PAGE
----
Three Poems | by Jay Passer


what if the 


is a slave planet 

and the 1% 

are in all 


alien overlords, 

shape shifters 

that morph 

in dark harmony to the 

pollution of the climate
whatever happened to that

lovely Sunday picnic afternoon

like in

French Impressionism
what if


is just 


behind our 

I pour myself a cup of water

from the carafe

set behind the bowl of

citrus fruit

thanks to 



Somebody online snatched my magnetism and code. However, the well-groomed 20something at the bank assures me I am in good hands. He says, I’m not planning to protect the President or anything – actually, I only fantasize about life as an ordinary Secret Service adjunct – the guy who catches the bastards who rob people electronically! In emphasis, he lifts an eyebrow. I notice a slight tic. He compares his path to that of a disciplined dog laying in wait for the wolf, the executioner of sheep. He told me that a motivated person can easily lift heat signatures off ATM machines using an iPhone 6. I imagine my life as a cyborg. Cracking metallic knuckles. In my own best interests I changed my PIN # for the first time in over a decade.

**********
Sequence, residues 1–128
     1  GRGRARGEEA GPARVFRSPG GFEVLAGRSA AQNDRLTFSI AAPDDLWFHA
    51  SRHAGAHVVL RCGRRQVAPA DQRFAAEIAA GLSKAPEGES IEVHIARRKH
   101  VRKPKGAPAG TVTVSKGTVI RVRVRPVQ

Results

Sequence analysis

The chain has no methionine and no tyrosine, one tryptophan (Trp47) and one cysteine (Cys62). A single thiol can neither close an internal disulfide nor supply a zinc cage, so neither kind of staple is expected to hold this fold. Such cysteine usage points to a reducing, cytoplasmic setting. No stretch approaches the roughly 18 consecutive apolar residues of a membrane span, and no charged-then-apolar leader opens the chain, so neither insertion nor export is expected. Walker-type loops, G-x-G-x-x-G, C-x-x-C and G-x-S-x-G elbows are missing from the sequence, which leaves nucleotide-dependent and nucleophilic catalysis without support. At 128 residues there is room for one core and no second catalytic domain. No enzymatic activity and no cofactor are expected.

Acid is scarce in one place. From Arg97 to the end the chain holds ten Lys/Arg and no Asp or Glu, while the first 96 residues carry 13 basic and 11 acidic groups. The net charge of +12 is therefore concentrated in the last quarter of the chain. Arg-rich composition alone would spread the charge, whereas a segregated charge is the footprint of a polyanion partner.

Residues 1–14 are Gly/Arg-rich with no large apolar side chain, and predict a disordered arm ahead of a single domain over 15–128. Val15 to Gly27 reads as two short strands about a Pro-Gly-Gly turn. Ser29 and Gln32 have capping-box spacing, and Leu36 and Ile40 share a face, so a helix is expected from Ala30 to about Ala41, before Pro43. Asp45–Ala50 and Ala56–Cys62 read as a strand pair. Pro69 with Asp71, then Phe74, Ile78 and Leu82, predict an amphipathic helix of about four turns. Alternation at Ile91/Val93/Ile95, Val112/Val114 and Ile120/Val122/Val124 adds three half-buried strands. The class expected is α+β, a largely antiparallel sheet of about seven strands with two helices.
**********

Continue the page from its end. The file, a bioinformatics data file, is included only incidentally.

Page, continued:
not young but not dead

not unlike the raven or
a bottle of single-malt Macallan or

triple-X rating.
the lightning speed of consummation

reminds me of either ESP
or rivers surging, the welcome violence 

of a rainstorm.
so I pick away at tufts of consciousness,

half expecting a squirrel or titmouse
grinning in the diminutive manner

of teeming, black-eyed, other-worldly intellect
to offer some redemption

for so obviously being human.

Jay Passer was first published by Caliban magazine in 1988. Since then his work has appeared in print and online in scores of publications spanning the globe. He’s authored 8 chapbooks and appeared in several anthologies. His most current collection is featured in The High Window Press’s Four American Poets of 2016. Jay holds a degree in Culinary Arts, and has worked in the service industry for 30+ years as: barista, soda jerk, line cook, pizza maker, and sous chef. Passer lives and works in San Francisco, the city of his birth.

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